Saturday, May 5, 2012

The Intersection of Phenomenology and Scholastic Realism

The summer writing season begins today.  At the moment I am inspired to write a conference paper and eventual article meant for a general audience.  I am inspired by Victor Kestenbaum's point in the introduction of The Phenomenological Sense of John Dewey wherein he notes that a "habit" functions as a "transcendental" for Dewey.  He means this in the vaguely Kantian-phenomenological sense.  


What does it mean for a habit to be a transcendental?  My short response is that we must have the requisite  (cognitive) habit to experience something as meaningful.  Without the habit, we might transact with the thing, but not experience it as meaningful.

Given my past posts about scholastic realism, let me explain how that conversation connects with the phenomenology here.  Redness is a universal, and upholding scholastic realism, I claim that "redness" may be universally predicated of things (or not), which is to say that every time I encounter a "red" thing, there is some characteristic that they share in common.  "Red" is also a phenomenal quality, a universal event that conscious beings may bring to manifest.  What is this characteristic?

A pattern of transaction.  "Redness" is what occurs when certain existential conditions are present, i.e., universal pattern of transaction may be realized.  That is, whenever sighted humans encounter red roses, certain existential conditions have been realized such that "redness" may emerge.  Redness as a quality does not exist until some being capable of experiencing redness enters the locale and creates a situation capable of producing the quality.  I went into the rose garden.  Redness as a potentiality, however, was there as long as the roses are in bloom.  Redness is not "hiding out" waiting to be discovered.  Rather, it emerges out of a transaction between the environment and a being capable of experiencing redness.

What point is being made?  If one embraces nominalism, one argues that only particulars are real, and not universal descriptive categories such as redness.  Each encountering of the red rose is unique and singular.  But if that is the case, then redness is a convention, i.e., it is name for a similarity of particulars.  Yet if the nominalist grants even that much, then I ask how these two things can appear similar if only singular particulars exist.  In response, the common answer is to invoke implicitly or explicitly; human physiology makes certain external stimuli appear uniform.  Universals are then psychologized and become an accident of human biology.  I insist that this is not an adequate response, because while it explains the uniformity of experience, it does not explain the continuity of the natural world with human nature.  It sacrifices one explanation for another rather than tries to preserve both.  Kant fell to the specter of Cartesian dualism, and many have fallen since, as they anthropomorphize nature.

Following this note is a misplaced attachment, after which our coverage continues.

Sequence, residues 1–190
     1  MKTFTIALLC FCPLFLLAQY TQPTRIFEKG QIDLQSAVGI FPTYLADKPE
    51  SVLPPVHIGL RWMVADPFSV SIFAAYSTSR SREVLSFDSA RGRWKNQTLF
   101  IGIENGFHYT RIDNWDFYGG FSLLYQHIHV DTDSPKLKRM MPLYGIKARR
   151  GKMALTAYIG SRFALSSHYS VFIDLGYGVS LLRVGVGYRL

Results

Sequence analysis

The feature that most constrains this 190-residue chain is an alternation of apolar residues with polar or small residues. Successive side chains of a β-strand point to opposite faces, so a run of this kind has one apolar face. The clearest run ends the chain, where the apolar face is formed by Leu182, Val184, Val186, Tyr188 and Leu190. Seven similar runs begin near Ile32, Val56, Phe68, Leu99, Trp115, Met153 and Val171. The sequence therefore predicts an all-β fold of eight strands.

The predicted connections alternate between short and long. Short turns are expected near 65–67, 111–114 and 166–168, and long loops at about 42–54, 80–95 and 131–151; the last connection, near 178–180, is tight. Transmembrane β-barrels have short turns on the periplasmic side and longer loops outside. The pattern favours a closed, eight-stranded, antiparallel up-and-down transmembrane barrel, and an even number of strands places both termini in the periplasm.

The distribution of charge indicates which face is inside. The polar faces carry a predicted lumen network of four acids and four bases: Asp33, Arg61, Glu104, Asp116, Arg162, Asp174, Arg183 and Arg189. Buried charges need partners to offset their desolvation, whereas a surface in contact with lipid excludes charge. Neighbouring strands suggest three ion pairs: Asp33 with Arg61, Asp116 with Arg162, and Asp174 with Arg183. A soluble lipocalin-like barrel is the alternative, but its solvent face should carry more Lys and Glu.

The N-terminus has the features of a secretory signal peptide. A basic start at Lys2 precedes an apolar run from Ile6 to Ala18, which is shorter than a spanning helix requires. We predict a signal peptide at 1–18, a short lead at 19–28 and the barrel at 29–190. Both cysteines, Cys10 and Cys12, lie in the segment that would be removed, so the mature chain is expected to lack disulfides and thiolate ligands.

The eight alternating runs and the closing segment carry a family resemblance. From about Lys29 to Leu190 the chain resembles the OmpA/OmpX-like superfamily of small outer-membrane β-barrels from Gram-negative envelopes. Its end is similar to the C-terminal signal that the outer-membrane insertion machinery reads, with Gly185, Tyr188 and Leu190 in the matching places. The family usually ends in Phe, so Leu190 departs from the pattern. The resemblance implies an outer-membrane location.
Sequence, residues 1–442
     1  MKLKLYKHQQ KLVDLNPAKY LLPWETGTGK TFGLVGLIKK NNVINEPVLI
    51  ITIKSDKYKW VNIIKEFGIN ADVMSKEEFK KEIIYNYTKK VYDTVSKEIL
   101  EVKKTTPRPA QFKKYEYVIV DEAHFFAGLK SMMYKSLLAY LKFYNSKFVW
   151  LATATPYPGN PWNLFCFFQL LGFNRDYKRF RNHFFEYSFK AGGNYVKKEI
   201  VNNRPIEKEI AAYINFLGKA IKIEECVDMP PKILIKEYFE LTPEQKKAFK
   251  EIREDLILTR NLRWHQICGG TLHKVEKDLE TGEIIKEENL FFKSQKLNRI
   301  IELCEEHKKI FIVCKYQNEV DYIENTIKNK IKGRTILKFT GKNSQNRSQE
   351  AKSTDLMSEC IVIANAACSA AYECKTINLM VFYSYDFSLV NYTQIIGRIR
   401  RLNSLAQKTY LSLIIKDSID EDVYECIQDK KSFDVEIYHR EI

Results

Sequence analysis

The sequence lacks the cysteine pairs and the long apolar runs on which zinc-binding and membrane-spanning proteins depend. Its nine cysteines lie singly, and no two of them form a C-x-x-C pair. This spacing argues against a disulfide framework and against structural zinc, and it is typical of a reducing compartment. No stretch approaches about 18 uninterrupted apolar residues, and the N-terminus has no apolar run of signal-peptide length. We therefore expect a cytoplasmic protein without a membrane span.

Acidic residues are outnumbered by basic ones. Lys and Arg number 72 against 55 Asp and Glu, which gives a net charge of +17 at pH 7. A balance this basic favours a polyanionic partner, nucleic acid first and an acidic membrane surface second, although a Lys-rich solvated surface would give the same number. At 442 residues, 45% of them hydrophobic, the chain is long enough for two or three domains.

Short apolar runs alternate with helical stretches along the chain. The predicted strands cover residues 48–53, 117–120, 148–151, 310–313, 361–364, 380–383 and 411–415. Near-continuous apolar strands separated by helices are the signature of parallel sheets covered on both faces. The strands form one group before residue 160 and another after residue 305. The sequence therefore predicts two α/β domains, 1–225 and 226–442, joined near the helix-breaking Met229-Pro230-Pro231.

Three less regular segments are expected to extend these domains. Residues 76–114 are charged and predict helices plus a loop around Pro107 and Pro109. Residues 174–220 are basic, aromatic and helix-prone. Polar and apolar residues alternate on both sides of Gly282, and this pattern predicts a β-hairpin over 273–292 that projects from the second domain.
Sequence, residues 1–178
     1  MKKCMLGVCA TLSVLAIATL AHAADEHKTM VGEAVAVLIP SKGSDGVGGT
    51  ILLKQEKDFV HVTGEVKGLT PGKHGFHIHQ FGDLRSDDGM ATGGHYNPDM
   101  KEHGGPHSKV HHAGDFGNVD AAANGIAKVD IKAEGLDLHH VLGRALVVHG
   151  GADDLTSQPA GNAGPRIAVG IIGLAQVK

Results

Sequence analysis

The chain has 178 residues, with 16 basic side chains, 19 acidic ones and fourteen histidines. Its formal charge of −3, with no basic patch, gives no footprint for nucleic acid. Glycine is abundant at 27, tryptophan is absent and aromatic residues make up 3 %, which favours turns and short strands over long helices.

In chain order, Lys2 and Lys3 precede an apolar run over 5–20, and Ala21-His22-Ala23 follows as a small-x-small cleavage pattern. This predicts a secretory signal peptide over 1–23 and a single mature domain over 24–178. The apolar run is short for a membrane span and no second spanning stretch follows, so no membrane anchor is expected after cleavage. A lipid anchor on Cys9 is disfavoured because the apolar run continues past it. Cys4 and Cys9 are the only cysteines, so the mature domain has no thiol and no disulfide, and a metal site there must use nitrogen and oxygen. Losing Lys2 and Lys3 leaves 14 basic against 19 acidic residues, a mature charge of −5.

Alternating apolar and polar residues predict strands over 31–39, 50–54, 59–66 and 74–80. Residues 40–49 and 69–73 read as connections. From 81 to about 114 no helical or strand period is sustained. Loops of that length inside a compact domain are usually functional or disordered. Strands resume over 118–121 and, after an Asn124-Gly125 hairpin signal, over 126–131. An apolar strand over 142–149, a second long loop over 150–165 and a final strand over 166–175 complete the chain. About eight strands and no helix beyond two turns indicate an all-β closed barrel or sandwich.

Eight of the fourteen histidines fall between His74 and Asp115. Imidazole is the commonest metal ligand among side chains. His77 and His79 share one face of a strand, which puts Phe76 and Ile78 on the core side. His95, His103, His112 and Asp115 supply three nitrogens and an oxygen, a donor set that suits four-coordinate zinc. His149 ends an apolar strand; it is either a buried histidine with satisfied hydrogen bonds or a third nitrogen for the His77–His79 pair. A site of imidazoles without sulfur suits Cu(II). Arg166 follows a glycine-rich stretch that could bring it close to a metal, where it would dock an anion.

How does all this connect to habit?  Habit is memory.  We learn to associate a given quality with a name, and thus learn to associate the phenomenal quality of redness with the name "redness."  "Habit" works on many levels.  I have described a cognitive habit, i.e., a memory-association of a phenomenal quality and a recognized designation.  Habits are also physiological.  Bodily habits associate the given visual field or external stimuli with an apprehended field of vision.  For instance, the human infant is born neither with appreciable sight nor the ability perceive in three dimensions.  We sense our worlds in two dimensions, and our neurology presents it as a three-dimension perception with coordinate colors ... unless we have the condition known as synthesia, in which case we might taste our colors as well.  There has been some preliminary evidence that infants are born with a variant of this condition.  We must learn, or build up the habits through exploration and biological development.  It is also through these and socio-cultural means that the world becomes meaningful to us.  We learn to associate certain qualia with meaning, i.e., anticipated consequences of interacting with qualia in particular ways....

This is just the beginning of what it means for habits to be transcendental......












2 comments:

  1. Enjoyed this greatly, well done.

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  2. This is what I actually do for scholarship, as opposed to the countless conversations and comments.

    If people go the Kantian road, which in our times is often just to accept realism without saying much more, then they run into the problems that I mention. They tend to embrace epistemic nominalism, which is an opposing but not strictly contrary view of scholastic realism as applied here. But then, do they not anthropomorphize nature? So any position that claims not to do so ... is going to have a hard time if it accepts nominalism. It's not insurmountable, I believe, but a stumbling block.

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